I figured a good way to demonstrate how close the new RV fits into the parking spot was to take a 3D image pair showing the overlap between the RV, the patio and the RV bedroom slide out. Click on the image to enlarge.
Here are a couple of images showing the RV parked in the barely big enough parking space with slide-outs and awning deployed: image 1, image 2.
From the other blog:
Now, we have upgraded to a Class A diesel pusher which is just about the shortest in the diesel category at 35 feet nine inches. We have three slide outs and an 18 foot awning, all of which can be deployed in the space available behind the garage. But just barely.
Of course, if you don’t yet have your free pair of 3D glasses to view the image above, you can see the 2D version here.
Today’s Astronomy Picture of the Day featured an anaglyph image of Comet Churyumov-Gerasimenko taken by the Rosetta comet-probing spacecraft. I was impressed by the stereo image of this object in space in an up-close and personal view of another world.
Get out your red/cyan glasses and gaze across the surface of Churyumov-Gerasimenko, aka Comet 67P. The stereo anaglyph was created by combining two images from the Rosetta spacecraft’s narrow angle OSIRIS camera taken on September 22, 2014. Stark and jagged, the 3D landscape is found along the Seth region of the comet’s double-lobed nucleus. It spans about 985 x 820 meters, pocked by circular ridges, depressions, and flattened areas strewn with boulders and debris. The large steep-walled circular pit in the foreground is 180 meters in diameter. Rosetta’s mission to the comet ended in September 2016 when the spacecraft was commanded to a controlled impact with the comet’s surface.
I haven’t done one of these in a while, so here it is: Desert Motorhome Camping in 3D. The Emerald Desert RV Resort doesn’t much look like the typical desert in Southern California due to the lush green grass everywhere. But it certainly does get hot there in the summer and cool, but not cold, in the winter.
I took this image pair last week when we were camped there visiting the grandson. Click on the image to enlarge to full resolution. Of course, if you don’t yet have your free pair of 3D glasses, you can see the 2D version here.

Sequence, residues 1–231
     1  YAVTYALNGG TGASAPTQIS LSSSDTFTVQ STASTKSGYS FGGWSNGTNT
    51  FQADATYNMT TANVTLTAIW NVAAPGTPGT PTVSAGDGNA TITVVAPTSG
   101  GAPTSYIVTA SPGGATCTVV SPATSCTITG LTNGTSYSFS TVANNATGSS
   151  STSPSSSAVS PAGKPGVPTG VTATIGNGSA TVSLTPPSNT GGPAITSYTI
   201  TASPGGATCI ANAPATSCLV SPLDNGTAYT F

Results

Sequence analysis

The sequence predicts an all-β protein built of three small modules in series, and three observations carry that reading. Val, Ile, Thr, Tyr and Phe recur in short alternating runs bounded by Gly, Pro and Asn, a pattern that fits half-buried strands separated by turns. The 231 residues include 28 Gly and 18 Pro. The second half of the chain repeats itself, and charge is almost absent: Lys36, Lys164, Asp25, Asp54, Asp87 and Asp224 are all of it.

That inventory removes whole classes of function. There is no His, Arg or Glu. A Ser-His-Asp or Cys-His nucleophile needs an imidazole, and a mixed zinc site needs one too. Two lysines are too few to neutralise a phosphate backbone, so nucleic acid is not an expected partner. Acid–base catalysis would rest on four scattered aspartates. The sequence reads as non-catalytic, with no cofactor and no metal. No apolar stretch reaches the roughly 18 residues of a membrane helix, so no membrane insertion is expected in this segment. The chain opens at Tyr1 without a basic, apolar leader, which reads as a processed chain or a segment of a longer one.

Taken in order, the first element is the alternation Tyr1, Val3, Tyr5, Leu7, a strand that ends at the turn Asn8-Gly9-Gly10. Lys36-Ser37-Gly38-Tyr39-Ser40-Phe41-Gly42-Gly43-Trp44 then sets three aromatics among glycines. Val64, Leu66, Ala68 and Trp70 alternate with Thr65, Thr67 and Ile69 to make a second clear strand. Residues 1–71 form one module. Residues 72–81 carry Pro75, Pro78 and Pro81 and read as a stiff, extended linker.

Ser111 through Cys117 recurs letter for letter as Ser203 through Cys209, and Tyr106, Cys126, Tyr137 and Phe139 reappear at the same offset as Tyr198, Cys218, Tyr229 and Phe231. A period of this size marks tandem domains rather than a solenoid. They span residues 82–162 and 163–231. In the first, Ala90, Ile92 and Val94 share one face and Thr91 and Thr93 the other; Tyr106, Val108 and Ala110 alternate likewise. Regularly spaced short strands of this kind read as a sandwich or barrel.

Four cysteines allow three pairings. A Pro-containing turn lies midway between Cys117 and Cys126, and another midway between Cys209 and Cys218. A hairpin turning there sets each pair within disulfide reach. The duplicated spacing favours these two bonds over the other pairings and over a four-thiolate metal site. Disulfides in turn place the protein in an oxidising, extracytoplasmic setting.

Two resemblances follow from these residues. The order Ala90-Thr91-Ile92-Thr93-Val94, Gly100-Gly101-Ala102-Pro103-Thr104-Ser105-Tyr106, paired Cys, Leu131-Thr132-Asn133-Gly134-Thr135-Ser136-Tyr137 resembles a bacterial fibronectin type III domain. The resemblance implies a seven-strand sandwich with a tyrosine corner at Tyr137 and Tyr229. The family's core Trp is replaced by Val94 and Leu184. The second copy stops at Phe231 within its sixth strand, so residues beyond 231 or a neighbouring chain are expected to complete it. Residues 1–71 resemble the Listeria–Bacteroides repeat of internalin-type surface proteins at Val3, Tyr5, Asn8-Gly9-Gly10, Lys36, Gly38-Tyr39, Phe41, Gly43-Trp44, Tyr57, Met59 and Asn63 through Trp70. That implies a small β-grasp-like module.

This image is cropped from a 3D Photo found on Astronomy Picture of the Day:
Get out your red/blue glasses and gaze across Ceres at mysterious mountain Ahuna Mons. Shown in a 3D anaglyph perspective view, the mosaicked image data was captured in December of 2015, taken from the Dawn spacecraft’s low-altitude mapping orbit about 385 kilometers above the surface of the dwarf planet. A remarkable dome-shaped feature on Ceres, with steep, smooth sides Ahuna Mons is about 20 kilometers (12 miles) in diameter at its base, rising on average 4 kilometers to a flattened summit. Similar in size to mountains found on planet Earth, no other Cerean surface feature is so tall and well-defined. It is not known what process shaped the lonely Ahuna Mons, or if the bright material streaking its steepest side is the same material responsible for Ceres’ famous bright spots.
Image Credit: NASA, JPL-Caltech, UCLA, MPS/DLR/IDA
Our inaugural voyage in “Road Runner,” our new Georgetown 30X3 motorhome took us to Palm Desert, CA to see Baby G and his parents. While we were in the RV Resort, I took a couple of images to merge into this nice anaglyph image of the big rig parked in our assigned space. Click on the image to enlarge.
You will need your free pair of 3D glasses to view the image (click image to enlarge). As usual, I have posted a 2D image here.
I also took another pair of images from the rear of the RV. You can see the 3D image here and the 2D image here.
Astronomy Picture of the Day posted a stereo card (like for old-time stereoscopes) of the planet Pluto as seen by the New Horizons mission spacecraft. I took the stereo card image and combined the left and right-eye images into the anaglyph (red-cyan) image above.
This is the original text from APOD:
Explanation: These two detailed, true color images of Pluto were captured during the historic New Horizons flyby last month. With slightly different perspectives on the now recognizeable surface features they are presented in this first high quality stereo pair intended for viewing by denizens of planet Earth. The left hand image (left eye) is a mosaic recorded when the spacecraft was about 450,000 kilometers from Pluto. The right single image was acquired earlier, a last full look before the spacecraft’s closest approach. Despite a difference in resolution, the pair combine for a stunning 3D perception of the distant, underworldly terrain.
You will need your free pair of 3D glasses to view the image (click image to enlarge). If you don’t have a pair, I have posted the original stereo card here.
While we have the RV drive under construction, we parked the trailer across the road on our other lot. I was in the courtyard when I took a pair of images which I merged into this anaglyph image.
Tomorrow, the concrete crew will finish the last section of the RV driveway. About a week after that, we can pull the trailer into it’s place on the drive next to the hookups.
You will need your free pair of 3D glasses to view the image (click image to enlarge). As usual, I have posted a 2D version here.